Looking at the current statistics, the substantial amount of information on the internet today will expire tomorrow. There is a big amount of contribution from everyone’s side in making the internet an enormous thing. The volume, extent and the level of information supplied via images, videos, content, user interaction is adding up to make the internet grow immeasurably. The latest data available shows that around 4 billion people use the internet daily, which is almost 51% of the total population.
Therefore, now you have the exact or roundabout statistics on the number of websites available on the internet. The number might change tomorrow but the data will help you to track the volume.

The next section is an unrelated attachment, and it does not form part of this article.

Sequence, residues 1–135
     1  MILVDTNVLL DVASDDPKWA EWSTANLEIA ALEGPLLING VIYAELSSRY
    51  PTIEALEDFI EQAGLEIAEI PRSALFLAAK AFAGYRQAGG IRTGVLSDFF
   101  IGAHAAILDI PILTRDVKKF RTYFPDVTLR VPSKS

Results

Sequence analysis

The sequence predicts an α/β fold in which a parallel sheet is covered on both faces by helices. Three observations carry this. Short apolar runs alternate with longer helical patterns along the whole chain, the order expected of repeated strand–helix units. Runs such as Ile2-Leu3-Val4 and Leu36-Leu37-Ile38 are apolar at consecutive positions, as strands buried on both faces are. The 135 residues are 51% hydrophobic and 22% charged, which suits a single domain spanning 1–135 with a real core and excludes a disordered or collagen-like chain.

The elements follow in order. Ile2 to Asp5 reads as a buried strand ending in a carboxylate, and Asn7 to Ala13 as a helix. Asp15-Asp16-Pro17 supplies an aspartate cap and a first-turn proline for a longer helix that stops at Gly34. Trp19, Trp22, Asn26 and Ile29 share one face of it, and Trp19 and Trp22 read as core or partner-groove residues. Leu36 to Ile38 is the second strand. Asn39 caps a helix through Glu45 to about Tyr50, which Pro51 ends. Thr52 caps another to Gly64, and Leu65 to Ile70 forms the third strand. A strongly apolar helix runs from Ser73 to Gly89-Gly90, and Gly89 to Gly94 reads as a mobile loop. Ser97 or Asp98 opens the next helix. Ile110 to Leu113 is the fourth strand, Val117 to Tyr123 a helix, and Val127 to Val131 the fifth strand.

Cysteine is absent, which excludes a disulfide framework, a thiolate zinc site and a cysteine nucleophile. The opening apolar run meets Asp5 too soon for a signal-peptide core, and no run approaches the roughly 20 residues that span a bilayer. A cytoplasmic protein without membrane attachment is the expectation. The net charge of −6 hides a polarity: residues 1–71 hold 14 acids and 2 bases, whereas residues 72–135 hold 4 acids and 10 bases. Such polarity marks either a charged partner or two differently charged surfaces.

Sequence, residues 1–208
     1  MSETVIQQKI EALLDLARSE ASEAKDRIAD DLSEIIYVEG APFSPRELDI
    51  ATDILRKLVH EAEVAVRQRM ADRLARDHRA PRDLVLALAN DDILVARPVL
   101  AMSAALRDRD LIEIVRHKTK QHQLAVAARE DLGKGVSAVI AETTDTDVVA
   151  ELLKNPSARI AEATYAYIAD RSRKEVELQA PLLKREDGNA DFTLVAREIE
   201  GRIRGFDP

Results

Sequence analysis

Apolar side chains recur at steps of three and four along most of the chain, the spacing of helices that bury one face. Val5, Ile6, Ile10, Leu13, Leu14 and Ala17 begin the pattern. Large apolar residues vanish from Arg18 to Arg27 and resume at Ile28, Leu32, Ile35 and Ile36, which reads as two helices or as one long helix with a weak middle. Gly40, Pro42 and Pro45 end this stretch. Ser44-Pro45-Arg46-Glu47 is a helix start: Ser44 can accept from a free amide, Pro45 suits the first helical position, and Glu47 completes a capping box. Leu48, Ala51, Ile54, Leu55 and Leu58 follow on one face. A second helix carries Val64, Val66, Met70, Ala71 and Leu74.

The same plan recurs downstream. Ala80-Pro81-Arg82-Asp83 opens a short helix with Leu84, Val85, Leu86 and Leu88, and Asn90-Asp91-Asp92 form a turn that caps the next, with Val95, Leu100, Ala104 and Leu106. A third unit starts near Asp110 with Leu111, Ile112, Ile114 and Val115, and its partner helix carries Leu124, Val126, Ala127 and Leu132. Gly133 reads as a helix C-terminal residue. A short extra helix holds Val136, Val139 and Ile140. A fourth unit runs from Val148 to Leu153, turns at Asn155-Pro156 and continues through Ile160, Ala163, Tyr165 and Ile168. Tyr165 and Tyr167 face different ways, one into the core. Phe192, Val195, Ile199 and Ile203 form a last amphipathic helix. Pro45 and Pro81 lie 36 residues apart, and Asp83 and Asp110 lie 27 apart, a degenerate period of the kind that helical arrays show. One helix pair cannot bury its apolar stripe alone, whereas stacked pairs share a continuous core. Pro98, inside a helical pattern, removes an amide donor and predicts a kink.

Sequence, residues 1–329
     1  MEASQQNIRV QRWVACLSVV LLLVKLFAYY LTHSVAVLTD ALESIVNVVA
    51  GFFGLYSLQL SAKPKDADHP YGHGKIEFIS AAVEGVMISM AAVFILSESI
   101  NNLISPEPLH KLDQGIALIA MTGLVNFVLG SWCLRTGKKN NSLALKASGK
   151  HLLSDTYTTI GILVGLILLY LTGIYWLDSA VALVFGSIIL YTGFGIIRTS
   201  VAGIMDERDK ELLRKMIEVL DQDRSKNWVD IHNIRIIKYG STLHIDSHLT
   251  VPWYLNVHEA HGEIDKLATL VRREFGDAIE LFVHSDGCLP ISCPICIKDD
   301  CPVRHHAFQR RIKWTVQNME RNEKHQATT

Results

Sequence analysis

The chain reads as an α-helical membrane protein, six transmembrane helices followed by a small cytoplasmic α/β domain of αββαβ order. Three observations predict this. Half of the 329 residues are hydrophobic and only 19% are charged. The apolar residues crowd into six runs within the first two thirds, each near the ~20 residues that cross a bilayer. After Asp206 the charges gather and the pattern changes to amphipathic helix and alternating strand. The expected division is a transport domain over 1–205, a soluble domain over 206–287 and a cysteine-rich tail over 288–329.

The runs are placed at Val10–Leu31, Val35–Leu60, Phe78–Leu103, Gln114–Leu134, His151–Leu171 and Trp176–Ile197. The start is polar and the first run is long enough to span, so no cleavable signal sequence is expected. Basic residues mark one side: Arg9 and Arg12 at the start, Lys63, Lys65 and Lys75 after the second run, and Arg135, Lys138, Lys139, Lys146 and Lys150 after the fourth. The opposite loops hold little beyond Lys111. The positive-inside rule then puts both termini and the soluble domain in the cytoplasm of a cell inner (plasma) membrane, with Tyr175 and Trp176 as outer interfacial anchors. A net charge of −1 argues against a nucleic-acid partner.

Can you imagine a single day without the internet? Guess not! Internet connectivity has taken over the population completely in the past few years. Today, even people from a remote area can afford internet packages as per their convenience. Though few countries have like the USA, Portugal, Canada, Sweden, Latvia, Singapore, and many more have free Wi-Fi facility, there are some like Paraguay, Venezuela, Yemen, Gabon, Egypt who are still struggling to get proper internet connectivity. But a country like Iceland is found to have the highest penetration fo the internet in the world.
In the recent survey, it has been found that Iceland has the highest record of 98.2% (now nearing 100%) internet penetration in the world trailed closely by several northern European countries such as Norway (96.8 percent), Luxembourg (97.3 percent), and Denmark (96.3 percent). There has been a big spike in the number of internet users in the Middle-East from 2009 to 2019 with the reported internet penetration rate of 20% to 70%. The United States has the highest percentage of internet users with a record of approximately 75% of the public using the internet.